A story about Prague . . . from the Spanish press, from La Vanguardia – but Twitter is a many-splendored thing that way. But first, just appreciate the photo, taken on Prague’s Charles Bridge about a week ago – the statues, the ice-fog in the background so you can’t even see any sky.
What is of significance here is the figure at the lower-left: the beggar crouching in the snow. An enterprising young Prager by the name of Luboš Boleček has come up with an innovative way to help such people. They spend a lot of time hanging around on the streets, right? At the same time, other people walking in those streets – people with the wherewithal to own a smartphone – are frequently in search of a WiFi signal, right?
Why not give the homeless person a WiFi repeater, so s/he can create a useful WiFi hotspot where s/he stands? The tourists and other people in search of a WiFi signal thereby benefit; but so do the homeless as well, in the sense that they thereby provide a useful service which justifies and might attract sponsor’s funds, which can then go to providing these people with the sort of services useful for helping them get back on top of their lives and re-entering society again as full and fully productive members. (Any funds go in the first instance to public transport tickets, lunches and toilet facilities which enable them to go about this WiFi hotspot task.)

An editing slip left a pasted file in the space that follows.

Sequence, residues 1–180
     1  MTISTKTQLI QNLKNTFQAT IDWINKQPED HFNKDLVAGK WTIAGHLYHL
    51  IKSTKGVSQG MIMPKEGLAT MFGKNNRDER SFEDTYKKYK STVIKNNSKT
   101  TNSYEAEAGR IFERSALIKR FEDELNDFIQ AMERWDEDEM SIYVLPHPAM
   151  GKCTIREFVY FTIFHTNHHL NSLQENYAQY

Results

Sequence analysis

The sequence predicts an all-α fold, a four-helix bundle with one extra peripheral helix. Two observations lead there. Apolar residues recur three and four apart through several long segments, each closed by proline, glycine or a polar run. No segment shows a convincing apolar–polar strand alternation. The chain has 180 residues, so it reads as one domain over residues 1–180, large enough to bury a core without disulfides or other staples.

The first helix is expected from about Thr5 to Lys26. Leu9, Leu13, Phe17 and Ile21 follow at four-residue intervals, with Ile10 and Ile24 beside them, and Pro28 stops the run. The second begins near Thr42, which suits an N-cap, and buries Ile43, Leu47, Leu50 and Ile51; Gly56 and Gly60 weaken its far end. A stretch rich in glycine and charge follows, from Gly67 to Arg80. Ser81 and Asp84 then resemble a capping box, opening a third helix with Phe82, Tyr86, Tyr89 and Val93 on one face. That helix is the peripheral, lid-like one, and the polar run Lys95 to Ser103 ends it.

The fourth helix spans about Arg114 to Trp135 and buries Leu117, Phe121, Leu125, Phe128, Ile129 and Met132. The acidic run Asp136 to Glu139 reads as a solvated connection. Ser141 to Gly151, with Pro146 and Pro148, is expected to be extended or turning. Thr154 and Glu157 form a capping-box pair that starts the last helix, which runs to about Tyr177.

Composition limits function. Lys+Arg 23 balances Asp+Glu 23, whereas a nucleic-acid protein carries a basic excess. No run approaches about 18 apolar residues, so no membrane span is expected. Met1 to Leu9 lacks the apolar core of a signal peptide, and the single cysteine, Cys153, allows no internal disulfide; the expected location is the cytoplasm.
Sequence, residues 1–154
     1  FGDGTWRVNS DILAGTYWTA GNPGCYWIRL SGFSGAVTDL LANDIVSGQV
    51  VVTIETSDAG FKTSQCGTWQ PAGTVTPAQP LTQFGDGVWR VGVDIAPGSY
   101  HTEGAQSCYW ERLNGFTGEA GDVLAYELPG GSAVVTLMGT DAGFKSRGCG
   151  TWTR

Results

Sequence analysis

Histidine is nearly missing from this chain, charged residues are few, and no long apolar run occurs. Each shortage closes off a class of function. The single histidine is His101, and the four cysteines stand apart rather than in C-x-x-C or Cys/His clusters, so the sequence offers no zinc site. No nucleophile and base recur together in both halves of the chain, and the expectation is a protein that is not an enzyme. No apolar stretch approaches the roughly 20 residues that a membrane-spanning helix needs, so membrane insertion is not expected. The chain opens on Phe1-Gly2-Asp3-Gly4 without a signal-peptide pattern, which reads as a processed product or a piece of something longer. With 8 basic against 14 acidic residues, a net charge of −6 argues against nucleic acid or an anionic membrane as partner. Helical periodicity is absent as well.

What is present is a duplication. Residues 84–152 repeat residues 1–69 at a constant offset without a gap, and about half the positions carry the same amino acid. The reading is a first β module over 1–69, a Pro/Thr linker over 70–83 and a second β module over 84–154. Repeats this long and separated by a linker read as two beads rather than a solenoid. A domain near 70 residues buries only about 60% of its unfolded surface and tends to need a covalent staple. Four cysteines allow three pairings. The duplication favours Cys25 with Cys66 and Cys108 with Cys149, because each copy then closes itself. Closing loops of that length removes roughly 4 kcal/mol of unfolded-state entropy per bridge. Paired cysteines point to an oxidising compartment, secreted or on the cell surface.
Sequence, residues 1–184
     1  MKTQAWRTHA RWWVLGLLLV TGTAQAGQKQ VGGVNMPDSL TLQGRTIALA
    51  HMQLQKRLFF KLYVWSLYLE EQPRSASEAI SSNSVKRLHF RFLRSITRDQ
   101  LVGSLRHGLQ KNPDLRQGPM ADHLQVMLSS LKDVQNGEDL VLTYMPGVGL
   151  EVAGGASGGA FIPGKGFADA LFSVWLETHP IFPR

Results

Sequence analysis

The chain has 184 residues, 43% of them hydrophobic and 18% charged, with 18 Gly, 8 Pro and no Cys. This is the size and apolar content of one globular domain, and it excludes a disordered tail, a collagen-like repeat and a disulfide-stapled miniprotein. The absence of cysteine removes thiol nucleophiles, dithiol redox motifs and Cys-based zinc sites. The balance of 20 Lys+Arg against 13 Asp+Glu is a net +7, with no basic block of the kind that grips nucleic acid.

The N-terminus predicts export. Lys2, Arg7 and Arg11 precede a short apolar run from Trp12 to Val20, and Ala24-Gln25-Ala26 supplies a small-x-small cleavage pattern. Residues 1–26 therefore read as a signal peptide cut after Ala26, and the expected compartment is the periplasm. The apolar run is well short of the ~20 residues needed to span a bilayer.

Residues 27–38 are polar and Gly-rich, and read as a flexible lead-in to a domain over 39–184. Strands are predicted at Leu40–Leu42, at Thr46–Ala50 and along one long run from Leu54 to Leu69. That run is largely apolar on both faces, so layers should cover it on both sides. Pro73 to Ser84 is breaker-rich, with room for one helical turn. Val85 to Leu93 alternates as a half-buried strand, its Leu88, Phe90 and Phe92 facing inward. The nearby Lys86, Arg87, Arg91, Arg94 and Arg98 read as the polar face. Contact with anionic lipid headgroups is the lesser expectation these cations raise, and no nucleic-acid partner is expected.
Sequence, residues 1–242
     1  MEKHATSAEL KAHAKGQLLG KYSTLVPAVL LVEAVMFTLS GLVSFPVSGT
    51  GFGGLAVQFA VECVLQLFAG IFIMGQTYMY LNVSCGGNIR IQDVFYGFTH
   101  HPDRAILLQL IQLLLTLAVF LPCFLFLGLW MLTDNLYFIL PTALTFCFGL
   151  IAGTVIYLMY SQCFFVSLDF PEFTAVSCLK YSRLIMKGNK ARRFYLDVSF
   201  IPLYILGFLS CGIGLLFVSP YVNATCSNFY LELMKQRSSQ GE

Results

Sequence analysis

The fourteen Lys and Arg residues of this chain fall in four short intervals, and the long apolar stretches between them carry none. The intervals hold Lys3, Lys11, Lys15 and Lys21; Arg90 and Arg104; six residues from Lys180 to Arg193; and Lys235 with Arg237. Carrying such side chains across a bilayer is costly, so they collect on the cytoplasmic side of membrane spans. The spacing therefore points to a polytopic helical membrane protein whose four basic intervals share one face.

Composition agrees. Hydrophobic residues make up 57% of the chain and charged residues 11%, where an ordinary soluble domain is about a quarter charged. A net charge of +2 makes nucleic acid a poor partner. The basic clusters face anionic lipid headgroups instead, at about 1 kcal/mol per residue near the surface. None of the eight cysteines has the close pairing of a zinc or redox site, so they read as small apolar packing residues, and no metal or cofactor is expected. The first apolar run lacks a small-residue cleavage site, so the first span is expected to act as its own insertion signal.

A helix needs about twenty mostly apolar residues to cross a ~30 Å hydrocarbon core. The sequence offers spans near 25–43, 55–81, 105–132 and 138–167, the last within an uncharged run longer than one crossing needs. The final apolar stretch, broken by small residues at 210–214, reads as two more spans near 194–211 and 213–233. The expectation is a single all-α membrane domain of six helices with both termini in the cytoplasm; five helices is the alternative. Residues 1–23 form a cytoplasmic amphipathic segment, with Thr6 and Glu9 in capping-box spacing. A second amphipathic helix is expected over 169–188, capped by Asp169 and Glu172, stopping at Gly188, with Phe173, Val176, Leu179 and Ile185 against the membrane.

I suppose those inclined to look on the bad side might dismiss this project as an abuse of the homeless as a sort of city furniture – or some such – for visiting tourists. In Boleček’s reasoning, however, it is much more along the line of the “homeless newspapers” you often find such people peddling on the street: again, an escape from merely begging outright for money in favor of attempting to offer some real value-added in return. Maybe it’s time to update that “homeless newspaper” paradigm, he suggests: people don’t read much anymore in any case – at least not anything on paper – so the rationale for such newspapers is fading and it’s time for something new.
Boleček’s project is admittedly off to a stuttering start, as he is still looking for private or public funds to enable him to fully get going with it. As he says himself, you’d think some telecommunications company would be glad to step in as a sponsor. Anyway, you can learn more about it on the website he has set up, which is also in English.